Democrats don’t have a good answer to what Ezra Klein calls the “Mitch McConnell question”.
The Republican leader is likely to retain his majority, or at least a blocking minority, in the United States Senate next year. Then what will come of the Democrats’ plans?
In two debates on Wednesday and Thursday night, none of the party’s twenty presidential hopefuls had a good answer.
Joe Biden, the former vice president, is counting on the comity of the Senate he served in for almost four decades to return so that the two parties might compromise again.
This was Barack Obama’s hope as well: that the Republican “fever” would at some point break. It didn’t during Obama’s presidency. What makes Biden think it would during his?
Senators Bernie Sanders and Elizabeth Warren were the only other candidates with a serious answer to the question. Both called for popular pressure on the Senate — a “political revolution,” in Sanders’ words — to enact a Democratic president’s agenda.
There the record is mixed. Republicans did U-turn on reversing Obamacare when voters protested against it, but overwhelming public support for such things as universal background checks on gun purchases and higher taxes on the wealthy (PDF) have not caused Republicans to change their minds. Nor have presidential appeals to the public often persuaded legislators.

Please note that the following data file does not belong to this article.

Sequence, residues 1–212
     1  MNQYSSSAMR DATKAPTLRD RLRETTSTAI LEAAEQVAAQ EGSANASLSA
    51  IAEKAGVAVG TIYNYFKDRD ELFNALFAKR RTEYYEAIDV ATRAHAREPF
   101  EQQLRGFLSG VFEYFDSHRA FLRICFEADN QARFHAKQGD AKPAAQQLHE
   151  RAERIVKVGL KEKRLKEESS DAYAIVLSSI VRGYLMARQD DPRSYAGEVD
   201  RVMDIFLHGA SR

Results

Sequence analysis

Too many candidates
Part of the problem is that too many Democrats are running for president and not for the Senate. I argued this a month ago and Klein makes the point as well:
Democrats would have a better chance in Texas if Beto O’Rourke or Julián Castro had chosen to take on John Cornyn. Thursday’s presidential debate will feature John Hickenlooper, the strongest candidate Democrats could have fielded in Colorado. Steve Bullock, the only Democrat with a shot in Montana, didn’t qualify for the debates, but he’s still running for president rather than Senate.
What can be done?
End the filibuster, so it takes a simple majority, rather than sixty votes, to make laws; split up populous blue states, like California and New York, to create more Democratic Senate seats; extend statehood to Puerto Rico, the District of Columbia — and maybe even Native American tribes.
There are nonpartisan arguments for all these proposals. They would also all benefit Democrats, who have a popular majority, but who are struggling to translate that majority into power in a system that favors rural over urban areas.